Before we knew it, we were back to the airport in Athens, and climbing onto a plane for Santorini. Santorini is a small group of islands about 80 kilometers north of Crete. The islands are a product of an active volcano, which has had some major eruptions over time, the last one of which was around 1500 BC and which destroyed all life on the island. The present-day crescent shape of the island is a consequence of the this huge eruption. The collapse of the caldera allowed the sea to come rushing into what was the center portion of the island. The highest parts of the island reach up over 300 meters above the sea, while the caldera itself extends over 400 meters below the sea! The island itself owes its very existence to the volcano. The mild activity of the volcano after this major eruption continues into the present building up two small islands within the caldera, Palea Kameni and Nea Kameni. These islands represent the volcano's most recent activity. These two small islands in the center of the Santorini caldera, are the youngest volcanic lands in the Eastern Mediterranean. Palea Kameni (Old Burnt Island) is less than 2000 years old, while Nea Kameni (Young Burnt Island) began to form only 425 years ago and its youngest lavas are less than 50 years old.
We stayed at an amazing hotel, Xenones Filotera, located in the village of Imeroviglio, just north of Fira, the capital of Santorini. We had an awesome suite, and we were located on one of the narrowest portions of the island, and high up on a cliff, so we could watch the sun come up over the Aegean Sea in one direction, and watch it set over the sea in the other direction! The hotel was small, and quiet, but had an amazing staff that spoiled us. This is looking north towards our hotel, which is one of the buildings in the group along the right side of the picture.
Jessica relaxes, and takes in our view of the caldera from the hotel. We had to "deal with" this view for breakfast each morning, while swimming in the pool, and just plain in general. It was rough...
First mission was to rent ourselves a 4-wheeler for transportation around the island. It was about 1 million miles away from being "sprite", but we soon adopted our trusty little friend into the family, and named him Flash - mostly because of his "blinding" speed.
The first beach we hit was Kamari on the Southeastern side of the island;
Later that same day, we wound our way down to The Red Beach, which turned out to be our favorite. It had crystal clear, calm water, and though it looks cool in pictures, it doesn't compare to the sight in person!
The next day we hit Koloumbos Beach, up on the North side of the island. This one was less developed, so featured some nudists, and also had rough seas as there was a strong on-shore wind that day.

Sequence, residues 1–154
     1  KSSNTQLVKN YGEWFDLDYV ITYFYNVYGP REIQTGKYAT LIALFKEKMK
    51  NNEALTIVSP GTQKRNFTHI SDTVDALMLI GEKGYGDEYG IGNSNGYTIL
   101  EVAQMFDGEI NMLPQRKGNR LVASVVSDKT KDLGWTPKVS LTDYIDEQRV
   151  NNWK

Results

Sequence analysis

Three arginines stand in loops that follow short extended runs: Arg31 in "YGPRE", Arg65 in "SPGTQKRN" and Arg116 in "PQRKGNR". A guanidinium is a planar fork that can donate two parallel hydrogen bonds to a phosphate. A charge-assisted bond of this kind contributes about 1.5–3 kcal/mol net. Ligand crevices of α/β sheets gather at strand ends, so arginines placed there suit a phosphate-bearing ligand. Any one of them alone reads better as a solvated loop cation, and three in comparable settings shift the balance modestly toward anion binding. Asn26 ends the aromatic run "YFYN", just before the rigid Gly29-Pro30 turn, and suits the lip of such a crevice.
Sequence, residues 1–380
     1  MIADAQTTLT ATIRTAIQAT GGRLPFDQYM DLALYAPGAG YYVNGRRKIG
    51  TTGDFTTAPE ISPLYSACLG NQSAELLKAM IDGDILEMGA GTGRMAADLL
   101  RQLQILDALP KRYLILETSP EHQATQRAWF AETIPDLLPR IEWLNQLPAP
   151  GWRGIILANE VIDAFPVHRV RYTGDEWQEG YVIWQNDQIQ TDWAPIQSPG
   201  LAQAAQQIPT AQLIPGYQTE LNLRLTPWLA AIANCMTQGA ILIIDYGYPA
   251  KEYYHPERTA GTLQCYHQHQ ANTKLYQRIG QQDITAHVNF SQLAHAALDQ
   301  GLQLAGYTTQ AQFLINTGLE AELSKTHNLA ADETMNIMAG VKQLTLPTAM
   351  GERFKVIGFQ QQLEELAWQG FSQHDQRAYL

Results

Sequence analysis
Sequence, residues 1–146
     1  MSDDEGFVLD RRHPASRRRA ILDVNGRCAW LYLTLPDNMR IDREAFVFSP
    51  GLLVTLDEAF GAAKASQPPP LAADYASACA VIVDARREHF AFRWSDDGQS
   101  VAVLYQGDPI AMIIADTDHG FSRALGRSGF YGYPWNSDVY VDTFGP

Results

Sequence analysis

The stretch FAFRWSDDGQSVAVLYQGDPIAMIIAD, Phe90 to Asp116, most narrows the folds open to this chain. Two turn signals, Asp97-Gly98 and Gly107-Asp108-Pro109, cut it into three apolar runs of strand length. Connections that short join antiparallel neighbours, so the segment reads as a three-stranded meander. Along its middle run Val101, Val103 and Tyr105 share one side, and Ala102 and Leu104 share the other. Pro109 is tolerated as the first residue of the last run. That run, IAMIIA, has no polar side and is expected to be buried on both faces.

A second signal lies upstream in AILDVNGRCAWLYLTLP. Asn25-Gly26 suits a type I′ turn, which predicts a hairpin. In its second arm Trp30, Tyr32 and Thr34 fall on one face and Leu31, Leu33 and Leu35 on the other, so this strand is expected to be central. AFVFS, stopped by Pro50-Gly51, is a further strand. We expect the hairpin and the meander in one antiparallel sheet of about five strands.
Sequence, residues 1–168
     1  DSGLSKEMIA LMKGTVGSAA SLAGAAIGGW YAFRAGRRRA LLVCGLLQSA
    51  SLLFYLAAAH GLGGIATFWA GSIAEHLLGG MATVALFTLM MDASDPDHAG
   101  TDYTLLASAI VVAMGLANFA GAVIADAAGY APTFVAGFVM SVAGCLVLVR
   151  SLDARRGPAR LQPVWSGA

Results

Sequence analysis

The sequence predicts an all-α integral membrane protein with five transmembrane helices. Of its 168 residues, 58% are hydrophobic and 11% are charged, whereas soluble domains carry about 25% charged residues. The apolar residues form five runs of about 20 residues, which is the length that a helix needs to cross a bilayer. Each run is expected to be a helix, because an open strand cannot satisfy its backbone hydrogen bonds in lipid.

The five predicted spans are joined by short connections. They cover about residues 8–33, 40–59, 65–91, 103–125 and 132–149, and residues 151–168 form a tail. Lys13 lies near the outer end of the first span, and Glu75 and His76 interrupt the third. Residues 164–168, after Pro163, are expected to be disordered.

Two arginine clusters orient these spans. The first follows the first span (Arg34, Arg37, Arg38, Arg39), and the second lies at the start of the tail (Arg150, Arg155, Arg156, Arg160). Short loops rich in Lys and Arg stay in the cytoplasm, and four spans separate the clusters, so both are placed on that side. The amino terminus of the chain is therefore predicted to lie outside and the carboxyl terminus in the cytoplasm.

So we went back south to hit up The White Beach next. This one was pretty cool too, oddly enough, fairly similar to the Red Beach, except that it was white. The sea was calm here too, though didn't feature as much sea life.
Jessica at the Southern tip of the island, in Faros, overlooking the sea;
Looking from the Southern part of the island, across the caldera and back up to the Northern tip, where the town of Ia is.
Another day we took a boat out to the islands that make up the volcano. They forgot to mention the nice hike from the shore up to the top of the cone, across deep black volcanic rock, but it was well worth it. This is the view from Nea Kameni, overlooking the (still active) double crater at the top, and looking back towads Fira at the top of the cliffs.
The boat made a stop-off when we circled Palea Kameni at one of the hot springs along the shore. Jessica thought it was especially cool that there was no place to really dock the boat, so you had to jump off the rail of the boat, and swim a ways to shore and into the springs. It was definitely cool, but not hot like the hot springs you have around here!
I have no idea how, but when we got back to port, I convinced Jessica we should hike up the 500-some steps that climb back up to Fira. Even I thought they were rough, not eased by the mid-day sun and 100 degree temps. Jessica was a rockstar though, and made it all the way up, brushing off the pleas of others coming down that we should just turn around and take the donkey ride up!
Everyday on Santorini ended with an amazing sunset, this one from our hotel pool.
Even though it was a rather small island, and I tend to get restless, I would have been happy to stay there longer than we had planned. But once again it was time to move on, and I have to admit, I was excited to see what Crete had in store for us!